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junky1

[juhng-kee] /ˈdʒʌŋ ki/
adjective, junkier, junkiest.
1.
of the nature of junk; trashy.
Origin of junky1
1945-1950
1945-50; junk1 + -y2

junky2

[juhng-kee] /ˈdʒʌŋ ki/
noun, plural junkies.
1.
Origin
junk3 + -y2

junkie

or junky

[juhng-kee] /ˈdʒʌŋ ki/
noun, Informal.
1.
a drug addict, especially one addicted to heroin.
2.
a person with an insatiable craving for something:
a chocolate junkie.
3.
an enthusiastic follower; fan; devotee:
a baseball junkie.
Origin
1920-25; junk3 + -ie
Dictionary.com Unabridged
Based on the Random House Dictionary, © Random House, Inc. 2015.
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Examples from the Web for junky
Contemporary Examples
Historical Examples
  • Come on down, junky, I won't be mad at you—if you follow directions.

    The Velvet Glove Harry Harrison
  • Fattening your dividends by sending our boys up against the Prussian guns in junky motor-tanks covered with tin armor!

    The House of Torchy Sewell Ford
British Dictionary definitions for junky

junkie

/ˈdʒʌŋkɪ/
noun (pl) junkies
1.
an informal word for a drug addict, esp one who injects heroin into himself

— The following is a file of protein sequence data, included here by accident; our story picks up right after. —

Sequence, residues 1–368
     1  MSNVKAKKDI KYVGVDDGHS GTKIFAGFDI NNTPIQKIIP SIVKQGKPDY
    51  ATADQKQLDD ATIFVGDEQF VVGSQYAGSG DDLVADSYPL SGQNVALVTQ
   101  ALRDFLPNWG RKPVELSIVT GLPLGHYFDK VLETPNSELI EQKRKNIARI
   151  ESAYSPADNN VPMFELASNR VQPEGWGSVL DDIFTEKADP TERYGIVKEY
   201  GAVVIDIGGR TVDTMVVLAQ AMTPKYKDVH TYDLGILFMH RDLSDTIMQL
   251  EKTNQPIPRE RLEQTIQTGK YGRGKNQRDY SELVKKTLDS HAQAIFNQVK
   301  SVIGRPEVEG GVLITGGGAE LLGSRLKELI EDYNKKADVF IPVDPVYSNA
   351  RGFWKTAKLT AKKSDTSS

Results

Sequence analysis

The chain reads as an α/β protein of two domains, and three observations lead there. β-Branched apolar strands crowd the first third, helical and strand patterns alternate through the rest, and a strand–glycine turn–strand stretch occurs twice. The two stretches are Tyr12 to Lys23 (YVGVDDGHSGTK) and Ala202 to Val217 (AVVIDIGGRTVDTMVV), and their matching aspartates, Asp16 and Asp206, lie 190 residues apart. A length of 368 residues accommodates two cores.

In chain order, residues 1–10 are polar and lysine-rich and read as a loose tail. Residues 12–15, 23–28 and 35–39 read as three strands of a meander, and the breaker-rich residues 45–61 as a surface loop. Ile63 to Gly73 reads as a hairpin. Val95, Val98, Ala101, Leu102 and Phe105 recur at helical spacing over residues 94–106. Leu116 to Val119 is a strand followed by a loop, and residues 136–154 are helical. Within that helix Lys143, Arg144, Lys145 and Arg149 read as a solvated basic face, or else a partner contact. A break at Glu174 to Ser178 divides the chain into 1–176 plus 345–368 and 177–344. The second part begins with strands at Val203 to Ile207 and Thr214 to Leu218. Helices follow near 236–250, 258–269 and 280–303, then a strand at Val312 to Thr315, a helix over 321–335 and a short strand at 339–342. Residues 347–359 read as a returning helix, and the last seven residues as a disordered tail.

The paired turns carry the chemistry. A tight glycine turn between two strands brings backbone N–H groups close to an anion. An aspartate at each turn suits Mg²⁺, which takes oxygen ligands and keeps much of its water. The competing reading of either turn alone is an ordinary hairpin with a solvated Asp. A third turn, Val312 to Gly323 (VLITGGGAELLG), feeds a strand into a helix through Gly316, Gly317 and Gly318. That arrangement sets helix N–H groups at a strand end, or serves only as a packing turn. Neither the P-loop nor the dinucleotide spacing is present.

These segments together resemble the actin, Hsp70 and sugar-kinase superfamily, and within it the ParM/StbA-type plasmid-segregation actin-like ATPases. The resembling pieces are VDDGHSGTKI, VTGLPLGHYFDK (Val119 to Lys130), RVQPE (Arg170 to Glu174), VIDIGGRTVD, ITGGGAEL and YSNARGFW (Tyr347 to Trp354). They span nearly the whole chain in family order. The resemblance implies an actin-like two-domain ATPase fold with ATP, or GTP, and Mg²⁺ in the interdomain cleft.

Collins English Dictionary - Complete & Unabridged 2012 Digital Edition
© William Collins Sons & Co. Ltd. 1979, 1986 © HarperCollins
Publishers 1998, 2000, 2003, 2005, 2006, 2007, 2009, 2012
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Word Origin and History for junky
adj.

"run-down, seedy, trashy," 1876, from junk (n.1) + -y (2).

junkie

n.

"drug addict," 1923, from junk (n.1) in the narcotics sense + -y (3). Junker in the same sense is recorded from 1922. Junk for "narcotic" is older.

Online Etymology Dictionary, © 2010 Douglas Harper
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Slang definitions & phrases for junky

junkie

modifier

: Junkie logic is the ability to justify whatever needs to be done to support an addiction

noun

  1. A narcotics addict: I didn't want to be a junkie/ The man I was to find was both a junkie and pusher (1923+ Narcotics)
  2. devotee or addict of any sort: Zuckerman describes himself as a ''newspaper and magazine junkie''/ Growth junkies, snipes one former insider, go-go boys
The Dictionary of American Slang, Fourth Edition by Barbara Ann Kipfer, PhD. and Robert L. Chapman, Ph.D.
Copyright (C) 2007 by HarperCollins Publishers.
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19
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